Where a three day notice is mailed to the tenant, or requires payment to a PO Box, or payment is to be sent out of the county in which the leased premises is located, five additional days must be added to the due date on the 3 day notice. The five additional days for mailing may count weekends and holidays as part of the five days, unless the fifth day falls on a weekend or holiday, in which case the due date shall be the next business day. NGUYEN vs. BROWN, County Court, 3rd Judicial Circuit in and for Columbia County, Civil Division. Case No. 08-442-CC. April 15, 2008. 15 Fla. L. Weekly Supp. 710a.
|Old Republic Title Insurance Company reports seeing a number of claims in Florida emanating from forged deeds on foreclosed, bank-owned properties. The forged deeds are into trusts and the transaction insured is the one out of the trust. Florida is ripe for this scam as the properties may sit in bank REO for many months prior to sale.
The sequence is as follows:
Because it is easy to vary the name of the person acting as an officer of the lender and the grantee, this type of scam does not lend itself to our usual “red flag” process. It does require vigilance on the part of the lender and the title agent. The most consistent indicia of a fraudulent deed are that the grantee is a trust and only nominal stamps are paid for the transfer to the trust.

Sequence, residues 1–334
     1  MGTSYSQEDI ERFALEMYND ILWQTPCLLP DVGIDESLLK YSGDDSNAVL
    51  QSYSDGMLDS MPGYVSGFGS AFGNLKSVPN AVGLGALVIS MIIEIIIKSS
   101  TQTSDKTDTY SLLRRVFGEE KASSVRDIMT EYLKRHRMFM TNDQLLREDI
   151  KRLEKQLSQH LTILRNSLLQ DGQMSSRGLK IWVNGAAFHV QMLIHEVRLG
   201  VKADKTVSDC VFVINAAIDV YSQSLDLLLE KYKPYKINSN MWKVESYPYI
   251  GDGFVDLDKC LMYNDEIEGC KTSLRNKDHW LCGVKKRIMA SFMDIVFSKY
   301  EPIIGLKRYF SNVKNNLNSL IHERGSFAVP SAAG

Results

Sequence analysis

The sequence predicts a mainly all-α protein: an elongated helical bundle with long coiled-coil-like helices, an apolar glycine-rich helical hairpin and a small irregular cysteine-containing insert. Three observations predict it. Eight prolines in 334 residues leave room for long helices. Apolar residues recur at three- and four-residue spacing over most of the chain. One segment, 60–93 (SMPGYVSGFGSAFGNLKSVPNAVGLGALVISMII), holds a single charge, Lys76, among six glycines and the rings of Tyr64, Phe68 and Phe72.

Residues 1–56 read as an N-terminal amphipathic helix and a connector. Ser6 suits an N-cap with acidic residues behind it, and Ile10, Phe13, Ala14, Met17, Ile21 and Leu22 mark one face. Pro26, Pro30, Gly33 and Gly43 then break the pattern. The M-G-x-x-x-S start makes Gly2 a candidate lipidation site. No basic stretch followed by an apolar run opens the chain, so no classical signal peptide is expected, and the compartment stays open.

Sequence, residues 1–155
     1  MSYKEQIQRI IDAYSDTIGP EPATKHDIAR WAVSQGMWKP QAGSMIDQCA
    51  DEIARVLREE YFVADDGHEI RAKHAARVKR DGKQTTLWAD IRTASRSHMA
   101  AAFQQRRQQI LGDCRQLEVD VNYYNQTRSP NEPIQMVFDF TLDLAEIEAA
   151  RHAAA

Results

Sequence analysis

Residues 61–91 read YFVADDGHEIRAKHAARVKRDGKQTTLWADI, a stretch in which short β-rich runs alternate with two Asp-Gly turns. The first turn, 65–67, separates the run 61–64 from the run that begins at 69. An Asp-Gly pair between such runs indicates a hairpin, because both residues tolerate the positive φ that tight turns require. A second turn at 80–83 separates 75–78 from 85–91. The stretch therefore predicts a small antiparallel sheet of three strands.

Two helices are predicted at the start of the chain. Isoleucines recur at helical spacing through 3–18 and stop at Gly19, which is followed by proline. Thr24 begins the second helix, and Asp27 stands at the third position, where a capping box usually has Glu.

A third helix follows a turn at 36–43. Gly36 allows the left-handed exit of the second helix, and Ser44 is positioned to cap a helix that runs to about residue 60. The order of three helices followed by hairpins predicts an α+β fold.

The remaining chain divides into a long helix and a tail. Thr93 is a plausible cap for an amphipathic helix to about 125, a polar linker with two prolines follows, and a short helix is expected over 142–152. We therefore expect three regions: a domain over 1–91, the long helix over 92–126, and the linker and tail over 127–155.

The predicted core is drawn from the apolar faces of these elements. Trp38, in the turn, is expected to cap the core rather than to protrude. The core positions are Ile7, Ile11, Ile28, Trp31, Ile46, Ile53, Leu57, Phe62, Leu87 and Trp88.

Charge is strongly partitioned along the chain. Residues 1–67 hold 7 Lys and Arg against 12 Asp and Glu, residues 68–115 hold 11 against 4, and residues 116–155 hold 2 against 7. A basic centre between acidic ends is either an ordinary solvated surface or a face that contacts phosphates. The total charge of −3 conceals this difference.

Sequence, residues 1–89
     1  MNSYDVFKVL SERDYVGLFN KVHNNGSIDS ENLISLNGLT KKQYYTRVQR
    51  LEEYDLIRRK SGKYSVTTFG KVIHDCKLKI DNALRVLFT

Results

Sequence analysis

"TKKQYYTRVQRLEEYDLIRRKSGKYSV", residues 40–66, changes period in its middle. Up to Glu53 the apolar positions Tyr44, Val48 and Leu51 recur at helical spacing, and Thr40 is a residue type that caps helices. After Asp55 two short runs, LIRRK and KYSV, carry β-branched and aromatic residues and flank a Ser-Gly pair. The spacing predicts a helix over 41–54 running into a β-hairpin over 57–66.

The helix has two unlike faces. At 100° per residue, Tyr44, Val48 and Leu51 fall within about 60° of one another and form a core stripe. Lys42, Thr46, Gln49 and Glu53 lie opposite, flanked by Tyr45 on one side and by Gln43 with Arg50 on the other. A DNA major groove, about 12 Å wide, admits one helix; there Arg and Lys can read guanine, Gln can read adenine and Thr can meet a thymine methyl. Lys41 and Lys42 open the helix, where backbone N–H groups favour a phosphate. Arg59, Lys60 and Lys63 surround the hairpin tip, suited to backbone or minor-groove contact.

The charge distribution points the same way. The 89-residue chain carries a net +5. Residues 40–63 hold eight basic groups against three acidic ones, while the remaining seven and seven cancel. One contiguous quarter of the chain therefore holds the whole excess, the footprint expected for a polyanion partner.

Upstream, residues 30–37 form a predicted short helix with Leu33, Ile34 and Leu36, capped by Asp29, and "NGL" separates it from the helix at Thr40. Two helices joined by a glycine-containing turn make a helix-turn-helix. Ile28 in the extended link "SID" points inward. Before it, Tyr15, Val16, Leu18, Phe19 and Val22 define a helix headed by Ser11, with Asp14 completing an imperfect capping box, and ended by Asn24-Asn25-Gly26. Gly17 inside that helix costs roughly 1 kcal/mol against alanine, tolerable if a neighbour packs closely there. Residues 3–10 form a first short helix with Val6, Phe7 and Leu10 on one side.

If you suspect an REO deed in your chain of title is fraudulent, please check with the actual lender (not the office or officer appearing on the deed) to confirm the validity of the deed; you may also direct your questions and concerns to The Fund’s Underwriting Department at 1-800-432-9594.
The parties entered into a residential lease. Prior to moving in, the Plaintiffs (tenants) paid the Defendant (landlord) one-month’s rent. Pursuant to the agreement, the Plaintiffs were supposed to pay an additional sum prior to taking occupancy, $8,100.00 (comprising two-months’ additional rent and a security deposit). The day the Plaintiffs were to take occupancy, they showed up with only $5,400.00. The Defendant declined to allow occupancy.